Hamburg in winter is a different experience to the rest of the year. As Hamburg is located practically on the sea, the city has over 2,500 bridges (by the way, that’s more than Venice, London and Amsterdam… put together!!!) connecting all parts of the city, and so is consistently filled with a fresh sea breeze. Whilst this may sound delightful in summer, in winter it is a very cold and strong breeze, which had us bounding up in our jackets and rushing off to find the next cafe where we could warm up! The perils of travelling Germany in the deep of winter!
Germany’s second largest city located on Elbe river and the edge of the Baltic Sea, Hamburg is the second largest seaport of Europe, moving 9.8 million cargo units a year! The port is what gave Hamburg the opportunity to blossom into an international economic hub of Germany, and accordingly has many international expats in the city.
I arrived in Hamburg on December 30th 2014, staying for 4 nights. It was a chilly 0 degrees, but the wind chill made it feel significantly colder.
NEW YEARS EVE
New Year’s Eve in Hamburg was a completely new experience, and as an Australian overseas I had high expectations. As in almost every German city in December, the Christmas market was still open at Jungfernstieg, along the harbour which gave a really nice traditional yet modern atmosphere. As it got closer to midnight, we all gathered closer to the water to watch the fireworks, which was indeed quite a spectacular display.
The fireworks display was beautiful, with lots of varying colours and sizes, as well as lasting for quite a long time. After a while, we moved off as it was so cold (because of the freeeeezing wind) and the crowd had started to change. Perhaps it was just my very sheltered and strictly policed experiences in Australia, but this NYE turned quickly. In Germany, citizens are allowed to buy their own fireworks, and set them off as they like, and in Hamburg this is more present than ever as it is Germany’s second largest city. A completely foreign concept for me (as fireworks are illegal for personal use in Australia), the night turned from fun to terrified quickly, as people would set of a firework on the street a mere metre from you, which would explode in every direction. Not the kind of way I’d hoped to start the new year! Nevertheless, we endured and did not let this experience ruin out stay.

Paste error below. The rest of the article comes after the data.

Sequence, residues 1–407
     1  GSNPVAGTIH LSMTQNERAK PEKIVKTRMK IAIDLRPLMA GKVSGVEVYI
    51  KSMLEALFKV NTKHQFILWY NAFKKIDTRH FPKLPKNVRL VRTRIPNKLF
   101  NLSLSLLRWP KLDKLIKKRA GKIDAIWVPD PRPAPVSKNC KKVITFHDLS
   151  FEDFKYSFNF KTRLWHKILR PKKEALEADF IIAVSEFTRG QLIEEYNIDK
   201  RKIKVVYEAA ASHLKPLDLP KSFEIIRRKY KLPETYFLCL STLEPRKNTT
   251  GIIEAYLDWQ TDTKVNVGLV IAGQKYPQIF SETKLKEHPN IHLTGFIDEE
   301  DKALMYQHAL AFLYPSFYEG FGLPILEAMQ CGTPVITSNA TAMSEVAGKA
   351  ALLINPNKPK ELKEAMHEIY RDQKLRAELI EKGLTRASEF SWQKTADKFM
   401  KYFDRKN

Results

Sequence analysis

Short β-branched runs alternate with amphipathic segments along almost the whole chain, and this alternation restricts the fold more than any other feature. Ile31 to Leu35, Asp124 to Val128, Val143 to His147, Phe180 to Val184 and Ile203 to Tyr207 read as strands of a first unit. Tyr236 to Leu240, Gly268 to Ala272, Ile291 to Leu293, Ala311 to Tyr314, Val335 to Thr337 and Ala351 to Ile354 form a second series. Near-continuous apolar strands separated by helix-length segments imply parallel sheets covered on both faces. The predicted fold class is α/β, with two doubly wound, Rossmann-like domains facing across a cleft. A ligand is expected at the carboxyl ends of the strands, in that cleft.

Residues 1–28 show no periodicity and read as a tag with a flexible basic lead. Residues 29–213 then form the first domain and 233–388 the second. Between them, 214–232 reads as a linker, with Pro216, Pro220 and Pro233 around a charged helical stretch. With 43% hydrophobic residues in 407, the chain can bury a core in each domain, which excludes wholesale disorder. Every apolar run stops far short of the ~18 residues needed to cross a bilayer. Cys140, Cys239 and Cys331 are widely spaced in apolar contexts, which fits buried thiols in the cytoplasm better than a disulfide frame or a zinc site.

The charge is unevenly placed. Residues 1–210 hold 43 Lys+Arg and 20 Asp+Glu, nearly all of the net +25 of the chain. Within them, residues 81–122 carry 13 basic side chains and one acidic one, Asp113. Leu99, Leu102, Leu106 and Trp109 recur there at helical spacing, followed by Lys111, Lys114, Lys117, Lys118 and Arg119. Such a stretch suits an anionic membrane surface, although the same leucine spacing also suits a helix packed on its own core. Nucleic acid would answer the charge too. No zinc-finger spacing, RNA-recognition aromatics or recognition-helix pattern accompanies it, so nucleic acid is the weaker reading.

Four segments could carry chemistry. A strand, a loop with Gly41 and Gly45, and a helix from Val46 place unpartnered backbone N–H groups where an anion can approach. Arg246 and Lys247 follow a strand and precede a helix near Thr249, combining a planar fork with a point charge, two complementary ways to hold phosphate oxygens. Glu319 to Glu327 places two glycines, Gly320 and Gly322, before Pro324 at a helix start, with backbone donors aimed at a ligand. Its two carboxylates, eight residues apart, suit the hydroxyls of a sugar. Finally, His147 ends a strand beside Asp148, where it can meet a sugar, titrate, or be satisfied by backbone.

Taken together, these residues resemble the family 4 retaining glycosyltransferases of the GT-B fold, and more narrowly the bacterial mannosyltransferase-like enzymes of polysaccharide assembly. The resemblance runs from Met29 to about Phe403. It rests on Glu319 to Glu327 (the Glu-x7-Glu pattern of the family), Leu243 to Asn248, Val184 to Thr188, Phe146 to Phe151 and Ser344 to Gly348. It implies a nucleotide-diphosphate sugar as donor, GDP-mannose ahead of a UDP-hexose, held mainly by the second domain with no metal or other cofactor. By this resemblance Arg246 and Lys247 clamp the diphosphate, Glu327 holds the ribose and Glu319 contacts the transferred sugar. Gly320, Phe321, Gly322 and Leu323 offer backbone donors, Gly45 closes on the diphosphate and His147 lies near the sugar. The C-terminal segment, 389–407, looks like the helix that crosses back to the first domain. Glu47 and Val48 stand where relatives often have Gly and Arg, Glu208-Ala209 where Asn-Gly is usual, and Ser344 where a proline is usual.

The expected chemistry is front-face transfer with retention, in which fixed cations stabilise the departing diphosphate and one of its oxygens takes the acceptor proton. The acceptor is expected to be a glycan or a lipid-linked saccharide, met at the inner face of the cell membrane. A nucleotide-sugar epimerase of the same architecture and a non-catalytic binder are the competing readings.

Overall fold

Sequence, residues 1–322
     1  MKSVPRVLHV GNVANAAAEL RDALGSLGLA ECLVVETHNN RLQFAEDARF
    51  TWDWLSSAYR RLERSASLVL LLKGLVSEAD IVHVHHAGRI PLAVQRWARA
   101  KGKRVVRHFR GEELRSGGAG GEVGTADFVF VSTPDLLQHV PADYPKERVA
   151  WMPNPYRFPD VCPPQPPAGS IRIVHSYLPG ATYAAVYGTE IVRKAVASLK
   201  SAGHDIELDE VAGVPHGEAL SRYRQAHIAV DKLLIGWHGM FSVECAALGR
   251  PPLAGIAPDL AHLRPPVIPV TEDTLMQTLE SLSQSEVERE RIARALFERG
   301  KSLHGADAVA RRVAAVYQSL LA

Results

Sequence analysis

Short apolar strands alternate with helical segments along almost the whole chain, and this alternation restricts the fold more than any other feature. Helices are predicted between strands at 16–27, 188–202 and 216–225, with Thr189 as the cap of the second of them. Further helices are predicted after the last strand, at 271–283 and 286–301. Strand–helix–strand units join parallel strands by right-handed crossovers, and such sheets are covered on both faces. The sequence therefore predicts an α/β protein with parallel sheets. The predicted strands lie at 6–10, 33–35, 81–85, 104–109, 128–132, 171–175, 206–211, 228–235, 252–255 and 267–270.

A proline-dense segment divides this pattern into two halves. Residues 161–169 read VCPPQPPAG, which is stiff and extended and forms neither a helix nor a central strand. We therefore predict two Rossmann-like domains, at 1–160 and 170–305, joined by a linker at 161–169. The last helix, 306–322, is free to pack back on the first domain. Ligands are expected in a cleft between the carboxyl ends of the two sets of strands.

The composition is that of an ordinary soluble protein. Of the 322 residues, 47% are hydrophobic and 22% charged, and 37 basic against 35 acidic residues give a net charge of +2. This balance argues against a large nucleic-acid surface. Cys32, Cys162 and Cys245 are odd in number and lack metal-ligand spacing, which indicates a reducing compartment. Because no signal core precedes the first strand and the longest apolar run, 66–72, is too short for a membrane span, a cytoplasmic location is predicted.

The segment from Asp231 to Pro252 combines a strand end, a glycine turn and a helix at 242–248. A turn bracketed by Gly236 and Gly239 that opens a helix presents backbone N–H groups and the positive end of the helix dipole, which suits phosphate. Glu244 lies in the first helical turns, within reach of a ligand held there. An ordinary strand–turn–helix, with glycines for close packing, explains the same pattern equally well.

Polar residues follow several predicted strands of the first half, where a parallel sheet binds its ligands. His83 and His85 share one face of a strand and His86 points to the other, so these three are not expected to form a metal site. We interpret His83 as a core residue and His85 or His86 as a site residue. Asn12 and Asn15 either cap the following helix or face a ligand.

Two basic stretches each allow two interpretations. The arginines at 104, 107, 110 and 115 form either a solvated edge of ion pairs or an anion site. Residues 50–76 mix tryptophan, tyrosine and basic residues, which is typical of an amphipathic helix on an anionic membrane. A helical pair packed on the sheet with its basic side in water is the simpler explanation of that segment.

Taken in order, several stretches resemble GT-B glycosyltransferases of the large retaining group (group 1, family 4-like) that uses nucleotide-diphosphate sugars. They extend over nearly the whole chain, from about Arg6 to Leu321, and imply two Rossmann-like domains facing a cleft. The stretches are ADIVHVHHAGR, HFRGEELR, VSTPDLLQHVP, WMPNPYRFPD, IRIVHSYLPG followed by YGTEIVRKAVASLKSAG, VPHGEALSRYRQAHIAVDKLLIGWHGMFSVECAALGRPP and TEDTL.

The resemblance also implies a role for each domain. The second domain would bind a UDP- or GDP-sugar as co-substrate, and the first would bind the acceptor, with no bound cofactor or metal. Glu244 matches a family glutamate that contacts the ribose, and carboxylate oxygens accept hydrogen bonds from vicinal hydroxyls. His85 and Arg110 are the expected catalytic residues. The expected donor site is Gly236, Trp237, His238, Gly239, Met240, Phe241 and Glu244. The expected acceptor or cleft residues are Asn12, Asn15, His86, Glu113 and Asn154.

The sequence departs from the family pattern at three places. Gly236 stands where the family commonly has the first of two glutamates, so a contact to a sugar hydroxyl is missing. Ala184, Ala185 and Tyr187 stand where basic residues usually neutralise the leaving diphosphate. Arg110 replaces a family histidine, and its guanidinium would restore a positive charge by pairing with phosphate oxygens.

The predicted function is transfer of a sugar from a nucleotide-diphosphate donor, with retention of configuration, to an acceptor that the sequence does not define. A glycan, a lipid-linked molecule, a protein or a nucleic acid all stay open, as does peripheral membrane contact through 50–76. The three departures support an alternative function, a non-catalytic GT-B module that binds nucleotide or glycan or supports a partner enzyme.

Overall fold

Built in 1911, the tunnel runs under the Elbe river and is still used today primarily by cyclists and pedestrians. It is 428m long and 24m under the surface, providing for an entertaining journey down the stairs or lifts. It was a nice attraction and whilst it was not warm, it didn’t have any wind!
A new district built from 2003 replaced an area filled with old, unused warehouses, now comprises of new buildings built for the future; protection from flooding. All buildings in the area (spanning 1.5km) have been built 9m above sea level to accommodate for the inevitable flooding that will occur in Hamburg. We took a bus through the area, which was a good way to see a lot. A cool spot to see, but not a must.
They mean it when they say district! The area is completely filled with warehouses of all shapes and sizes. Admirers of architecture will appreciate the varying buildings and heritage that has been upheld, red brick after red brick. On the edge of the district lies the unfinished Elbe Philharmonic Hall, which is Hamburgs ‘white elephant’ of construction. Projected to be completed in 2010 for €241 million, it is now 4 times over budget and 7 years late. Overall, a good spot for an afternoon stroll.
This has to be one of the more fascinating places in Germany given it is so unlike any other area! The Reeperbahn (or so called red light district) is literally lined with clubs, bars, discos and well… Fun! Take a sense of humour and prepare yourself for an entertaining night!
This port is absolutely huge! Spanning an absolutely enormous area, some of the worlds biggest container ships are loaded here. We took a river cruise around the port which provided nice insights into how the port is run.
Perhaps one of the biggest surprises I had in Hamburg was the church of St Michael, white and light filled giving a real different experience to a catholic church. This Protestant church even has a historic crypt which could be explored, and a tower where you can view Hamburg from above.
Located very centrally, the city hall is one of the oldest buildings in Hamburg, constructed in 1897. You can go inside and view the elaborate staircase as well as literally smell history.
Hamburg is not the foodie capital of Germany, nor are all (or even a lot) of its restaurants in one place. We had some challenges finding places to eat, particularly because of the public holiday. We did enjoy the Hamburg Hofbrauhaus, Vapiano, a roller coaster restaurant (Achterbahn Restaurant Hamburg – Schwerelos, hahaha kinda cute) and some tasty currywurst!
The absolute easiest way to get around is on the U and S bahn, reaching just about every corner of town you would need to. We even spent a good hour going all the way around the U bahn because it was too cold to be outside and at least we got to see some of the city in milder temperatures!
If travelling in a group, you can buy a 9am day ticket for up to 5 people (of any age) for €11.20, which proved to be extremely good value. As with any German hbf, there is plenty of food offerings available, just beware of pickpockets.